For the five years I lived in San Francisco, I probably secretly wished I could have spent most of my time up north in wine country. Now that I’m older and more mature, I can admit this is true, which is why I went to wine country twice during my recent Bay Area vacation.
To my Pennsylvanian soul, California wine country was pretty much Utopia. Like San Francisco, it was so beautiful I couldn’t believe it was real. No matter which valley I was in, I enjoyed the pastel landscapes, including yellow mustard flowers that blossom everywhere, and the fine wines of magenta, cherry, chocolate, pink, and gold that look even richer when saturated by the midday sun (drinking alfresco isn’t off limits here, even in February). On my first wine country trip, I visited two wineries in Healdsburg on my way to and from Ukiah, where I spent three days at Orr Hot Springs.
The town of Healdsburg is home to three incredible appellations: Dry Creek Valley, Russian River Valley, and the Alexander Valley. Both the Russian River Valley and the Dry Creek Valley are cited as two of the best locations for growing Zinfandel in California. Zinfandel, the deeply delicious yet vastly misunderstood relative of the Croatian grape Plavac Mali. Ever since “White Zinfandel” came to the east coast, most northeast people don’t have much respect for the grape, and many don’t even know it exists. In fact, the last time I brought it up to one of my friends, he said it sounded like something a Drag Queen would name herself.
Luckily the ignorance of such folks just means there’s more sinful Zin for the rest of us. Zinfandel is known for its big nose, usually reminiscent of fresh jam, and its full-bodied, sometimes peppery palate. One of the things I love about Zinfandel is that it tends to hold up even when you buy a cheap bottle at a Bodega. I wouldn’t say it’s hard to screw up, because no one would ever say that about wine, but I do think it’s more stable than a lot of other grapes. You can buy a $10 bottle that still tastes distinctly like a Zin.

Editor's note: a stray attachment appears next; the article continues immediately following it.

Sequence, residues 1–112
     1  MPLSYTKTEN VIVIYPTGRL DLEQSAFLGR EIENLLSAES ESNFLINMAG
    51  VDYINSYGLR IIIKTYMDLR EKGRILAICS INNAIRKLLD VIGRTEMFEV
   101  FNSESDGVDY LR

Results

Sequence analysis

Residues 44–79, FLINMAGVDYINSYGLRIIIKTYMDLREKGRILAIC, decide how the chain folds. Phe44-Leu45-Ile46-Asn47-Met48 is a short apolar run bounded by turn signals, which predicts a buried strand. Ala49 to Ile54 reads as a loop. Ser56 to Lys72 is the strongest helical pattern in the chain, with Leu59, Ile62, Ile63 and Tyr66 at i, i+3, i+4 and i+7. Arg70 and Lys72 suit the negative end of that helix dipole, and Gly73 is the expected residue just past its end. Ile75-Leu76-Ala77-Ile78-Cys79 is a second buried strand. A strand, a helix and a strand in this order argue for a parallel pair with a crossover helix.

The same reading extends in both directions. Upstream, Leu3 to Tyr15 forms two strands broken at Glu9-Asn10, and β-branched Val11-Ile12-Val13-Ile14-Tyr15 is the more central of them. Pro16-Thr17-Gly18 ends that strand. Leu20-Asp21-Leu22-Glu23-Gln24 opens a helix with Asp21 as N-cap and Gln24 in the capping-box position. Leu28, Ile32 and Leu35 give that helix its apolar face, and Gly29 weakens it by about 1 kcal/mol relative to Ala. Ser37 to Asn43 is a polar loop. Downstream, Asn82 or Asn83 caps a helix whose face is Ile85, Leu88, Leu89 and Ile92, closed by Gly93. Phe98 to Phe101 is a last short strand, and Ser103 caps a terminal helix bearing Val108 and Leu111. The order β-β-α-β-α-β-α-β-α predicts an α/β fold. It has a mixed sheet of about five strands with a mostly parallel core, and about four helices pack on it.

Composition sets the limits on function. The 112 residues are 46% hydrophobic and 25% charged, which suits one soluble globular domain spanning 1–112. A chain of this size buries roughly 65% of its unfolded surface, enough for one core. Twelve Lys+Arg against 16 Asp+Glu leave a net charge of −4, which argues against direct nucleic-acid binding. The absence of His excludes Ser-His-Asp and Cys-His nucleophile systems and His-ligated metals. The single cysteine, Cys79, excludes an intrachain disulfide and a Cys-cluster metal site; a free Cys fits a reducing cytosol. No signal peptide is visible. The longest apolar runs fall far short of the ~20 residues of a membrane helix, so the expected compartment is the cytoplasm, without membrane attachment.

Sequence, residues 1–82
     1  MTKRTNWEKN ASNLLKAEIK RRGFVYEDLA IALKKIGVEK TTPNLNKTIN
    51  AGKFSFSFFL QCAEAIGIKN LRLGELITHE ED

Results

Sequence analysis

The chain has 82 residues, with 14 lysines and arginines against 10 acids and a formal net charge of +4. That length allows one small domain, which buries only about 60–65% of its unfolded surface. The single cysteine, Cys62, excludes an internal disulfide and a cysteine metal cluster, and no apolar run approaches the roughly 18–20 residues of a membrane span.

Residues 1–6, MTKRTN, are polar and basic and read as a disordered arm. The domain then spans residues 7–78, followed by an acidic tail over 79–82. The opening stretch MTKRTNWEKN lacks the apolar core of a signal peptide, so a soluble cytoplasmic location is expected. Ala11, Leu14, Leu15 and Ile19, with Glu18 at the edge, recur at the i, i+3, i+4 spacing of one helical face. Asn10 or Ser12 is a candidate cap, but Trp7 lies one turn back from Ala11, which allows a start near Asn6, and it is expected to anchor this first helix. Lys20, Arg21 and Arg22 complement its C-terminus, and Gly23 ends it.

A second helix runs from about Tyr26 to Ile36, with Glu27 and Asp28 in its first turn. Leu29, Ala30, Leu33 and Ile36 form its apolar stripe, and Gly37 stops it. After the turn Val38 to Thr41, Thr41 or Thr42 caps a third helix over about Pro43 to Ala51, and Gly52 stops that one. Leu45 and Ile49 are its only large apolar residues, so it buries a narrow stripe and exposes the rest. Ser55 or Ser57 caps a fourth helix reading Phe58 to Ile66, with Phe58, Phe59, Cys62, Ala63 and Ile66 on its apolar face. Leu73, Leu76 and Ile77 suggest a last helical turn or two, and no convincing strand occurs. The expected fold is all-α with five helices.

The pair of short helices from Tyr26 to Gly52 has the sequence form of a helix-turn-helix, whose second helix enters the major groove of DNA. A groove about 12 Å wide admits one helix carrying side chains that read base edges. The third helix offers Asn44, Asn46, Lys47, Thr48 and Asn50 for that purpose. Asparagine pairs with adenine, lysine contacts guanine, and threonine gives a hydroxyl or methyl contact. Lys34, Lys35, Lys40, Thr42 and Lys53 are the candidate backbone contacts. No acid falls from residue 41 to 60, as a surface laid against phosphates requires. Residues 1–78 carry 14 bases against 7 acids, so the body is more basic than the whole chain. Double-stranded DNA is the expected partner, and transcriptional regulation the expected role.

However, my trip to Healdsburg had nothing to do with Bodega wines, because I was about to taste the best Zin of my life. And yes, it was a bit more than $10 bucks.
Limerick Lane is near the end of a tiny road off the 101. It’s likely you’d miss it if you didn’t already know about its reputation. The tasting room is small with a large garage where the wine is made adjacent to it. We visited the tasting room in the late afternoon and sampled the 2012 1910 Block Zinfandel, the 2012 Rocky Knoll Zinfandel, the 2012 Headpruned Syrah, and the 2012 1023 (We actually started off with a Chardonnay, but it’s vintage and name were not listed on the Limerick Lane site.) The Chardonnay was excellent with a subtle melon and citrus flavor adding an extra layer of complexity to the buttery palate finish so famous for California Chardonnays.